All three of the linemen had spent the 2016 season at junior colleges.
Evans and Sweat parted ways with the Spartans in the spring of last year for what was described at the time as personal reasons. Evans acknowledged that he had failed a drug test and would’ve been facing a six-game suspension had he remained in East Lansing. That suspension will not follow him to Corvallis.
In September, Smith announced that he would be leaving the Spartans as well. No reason was given.
According to mlive.com, there’s a chance that another of the quintet, Cassius Peat, who left in August, could possibly return to MSU. The earliest that would happen, though, would be next summer.
Damon Knox, the fifth linemen, announced in May that would be pursuing a career in law enforcement instead of playing another season for the Spartans.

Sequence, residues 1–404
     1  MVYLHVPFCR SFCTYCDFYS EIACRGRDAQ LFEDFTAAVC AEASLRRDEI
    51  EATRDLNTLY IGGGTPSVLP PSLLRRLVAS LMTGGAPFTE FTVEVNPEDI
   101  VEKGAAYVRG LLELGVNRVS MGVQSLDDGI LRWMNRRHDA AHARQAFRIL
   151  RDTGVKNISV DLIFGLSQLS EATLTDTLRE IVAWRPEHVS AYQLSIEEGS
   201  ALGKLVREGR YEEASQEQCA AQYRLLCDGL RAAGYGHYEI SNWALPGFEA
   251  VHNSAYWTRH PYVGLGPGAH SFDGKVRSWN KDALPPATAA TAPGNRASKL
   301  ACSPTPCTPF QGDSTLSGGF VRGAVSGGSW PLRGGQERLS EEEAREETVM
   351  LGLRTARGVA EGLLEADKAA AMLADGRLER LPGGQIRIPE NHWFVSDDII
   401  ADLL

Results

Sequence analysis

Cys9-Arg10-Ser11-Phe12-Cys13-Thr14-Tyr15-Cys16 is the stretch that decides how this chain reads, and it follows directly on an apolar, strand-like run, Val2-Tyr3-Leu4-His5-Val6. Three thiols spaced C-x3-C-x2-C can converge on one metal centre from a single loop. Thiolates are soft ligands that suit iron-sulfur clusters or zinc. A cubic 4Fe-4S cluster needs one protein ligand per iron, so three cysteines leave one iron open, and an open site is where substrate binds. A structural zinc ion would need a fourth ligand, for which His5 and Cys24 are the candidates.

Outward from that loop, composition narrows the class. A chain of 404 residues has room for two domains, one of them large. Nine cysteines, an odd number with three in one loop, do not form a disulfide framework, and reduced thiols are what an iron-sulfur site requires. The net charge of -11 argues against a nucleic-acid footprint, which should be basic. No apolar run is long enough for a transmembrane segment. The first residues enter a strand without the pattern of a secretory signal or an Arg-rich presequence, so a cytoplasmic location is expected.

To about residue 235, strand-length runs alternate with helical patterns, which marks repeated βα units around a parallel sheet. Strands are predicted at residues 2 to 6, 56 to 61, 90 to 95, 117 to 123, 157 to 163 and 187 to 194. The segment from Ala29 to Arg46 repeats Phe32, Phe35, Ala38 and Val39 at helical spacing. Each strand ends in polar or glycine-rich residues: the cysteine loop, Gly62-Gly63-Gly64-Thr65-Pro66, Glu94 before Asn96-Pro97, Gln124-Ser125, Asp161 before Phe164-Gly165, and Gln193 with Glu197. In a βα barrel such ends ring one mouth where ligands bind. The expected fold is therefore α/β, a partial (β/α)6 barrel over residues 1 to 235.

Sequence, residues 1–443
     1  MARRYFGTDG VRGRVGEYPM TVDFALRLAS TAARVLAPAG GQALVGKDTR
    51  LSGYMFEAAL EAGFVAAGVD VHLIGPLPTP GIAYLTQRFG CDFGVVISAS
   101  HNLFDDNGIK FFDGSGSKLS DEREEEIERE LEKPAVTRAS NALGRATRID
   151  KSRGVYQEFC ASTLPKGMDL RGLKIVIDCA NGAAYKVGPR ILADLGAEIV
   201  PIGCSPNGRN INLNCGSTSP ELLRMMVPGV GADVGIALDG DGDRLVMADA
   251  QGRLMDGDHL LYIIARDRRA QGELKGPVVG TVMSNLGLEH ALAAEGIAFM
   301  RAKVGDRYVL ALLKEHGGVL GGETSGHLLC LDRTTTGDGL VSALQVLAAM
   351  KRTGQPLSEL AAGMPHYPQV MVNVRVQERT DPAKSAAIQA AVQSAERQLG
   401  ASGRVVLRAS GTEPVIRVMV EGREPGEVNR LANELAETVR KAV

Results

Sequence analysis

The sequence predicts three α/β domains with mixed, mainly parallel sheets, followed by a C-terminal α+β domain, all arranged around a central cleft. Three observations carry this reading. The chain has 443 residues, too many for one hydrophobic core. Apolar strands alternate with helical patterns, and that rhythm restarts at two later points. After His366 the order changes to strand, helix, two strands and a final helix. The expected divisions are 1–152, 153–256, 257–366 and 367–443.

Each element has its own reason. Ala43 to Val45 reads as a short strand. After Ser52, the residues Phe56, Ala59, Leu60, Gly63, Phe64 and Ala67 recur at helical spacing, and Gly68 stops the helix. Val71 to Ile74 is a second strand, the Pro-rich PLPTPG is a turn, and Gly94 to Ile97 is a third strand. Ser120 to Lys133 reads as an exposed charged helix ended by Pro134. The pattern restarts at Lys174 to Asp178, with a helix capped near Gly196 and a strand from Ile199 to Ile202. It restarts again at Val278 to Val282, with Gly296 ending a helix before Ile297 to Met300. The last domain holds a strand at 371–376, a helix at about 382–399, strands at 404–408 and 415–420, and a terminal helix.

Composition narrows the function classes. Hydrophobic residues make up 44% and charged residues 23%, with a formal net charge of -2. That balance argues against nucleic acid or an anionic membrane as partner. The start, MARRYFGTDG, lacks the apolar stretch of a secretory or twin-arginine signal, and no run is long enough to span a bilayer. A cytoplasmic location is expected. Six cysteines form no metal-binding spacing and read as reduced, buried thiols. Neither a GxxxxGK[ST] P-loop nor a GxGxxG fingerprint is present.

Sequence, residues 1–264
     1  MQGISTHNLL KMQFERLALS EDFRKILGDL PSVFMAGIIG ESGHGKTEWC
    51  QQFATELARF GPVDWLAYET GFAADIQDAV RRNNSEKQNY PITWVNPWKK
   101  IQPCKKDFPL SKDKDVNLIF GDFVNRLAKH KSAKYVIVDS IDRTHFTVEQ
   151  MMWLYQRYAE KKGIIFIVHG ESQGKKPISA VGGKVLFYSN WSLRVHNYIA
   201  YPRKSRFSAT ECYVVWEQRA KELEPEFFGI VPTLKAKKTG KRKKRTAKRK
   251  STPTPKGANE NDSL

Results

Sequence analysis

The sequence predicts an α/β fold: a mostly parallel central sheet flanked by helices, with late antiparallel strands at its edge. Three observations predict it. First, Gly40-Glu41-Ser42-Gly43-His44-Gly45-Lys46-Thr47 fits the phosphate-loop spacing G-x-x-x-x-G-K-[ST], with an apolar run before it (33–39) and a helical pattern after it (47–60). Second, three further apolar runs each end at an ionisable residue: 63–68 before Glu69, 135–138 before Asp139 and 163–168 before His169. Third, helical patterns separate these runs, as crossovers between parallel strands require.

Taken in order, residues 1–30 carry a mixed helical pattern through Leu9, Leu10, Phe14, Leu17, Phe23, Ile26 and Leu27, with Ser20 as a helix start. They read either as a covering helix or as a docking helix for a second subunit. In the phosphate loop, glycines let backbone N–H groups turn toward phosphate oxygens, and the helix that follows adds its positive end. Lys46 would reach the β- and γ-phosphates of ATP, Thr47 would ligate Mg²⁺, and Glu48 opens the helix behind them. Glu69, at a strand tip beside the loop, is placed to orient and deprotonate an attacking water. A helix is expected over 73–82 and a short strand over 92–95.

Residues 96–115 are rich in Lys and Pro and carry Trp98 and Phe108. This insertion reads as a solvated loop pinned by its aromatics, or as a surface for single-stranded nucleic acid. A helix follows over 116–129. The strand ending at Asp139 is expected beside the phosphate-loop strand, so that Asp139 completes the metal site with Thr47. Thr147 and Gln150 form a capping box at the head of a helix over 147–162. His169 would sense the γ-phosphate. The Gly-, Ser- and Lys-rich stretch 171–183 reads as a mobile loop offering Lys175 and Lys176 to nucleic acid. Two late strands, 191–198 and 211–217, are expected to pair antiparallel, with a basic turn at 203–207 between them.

Oregon State’s two leading rushers will return in 2017. Predictably, there’s been some personnel upheaval in the Beavers’ backfield as a result.
Taking the traditional Twitter tack to make his announcement, Paul Lucas confirmed that he will be transferring from OSU. The running back stated he made the “tough decision… after careful consideration and talking with my parents.”
A three-star 2015 recruit, Lucas was rated as the No. 5 player at any position in the state of Arizona. A wide receiver initially, Lucas made the move to the backfield during the midst of his true freshman season.
After rushing for 172 yards on just 23 carries (7.5 ypc) in 2015, Lucas ran for just 113 yards on 33 carries this past season. He added six receptions for 83 yards, although he didn’t tally a touchdown by either rushing or receiving.
Leading rusher Ryan Nall, a sophomore with 951 yards this past season, and Artavis Pierce, a freshman who was second on the team with 523 yards, will both be back next season. With the departure of senior Tim Cook (137 yards), Lucas would’ve been the Beavers third-leading returning running back.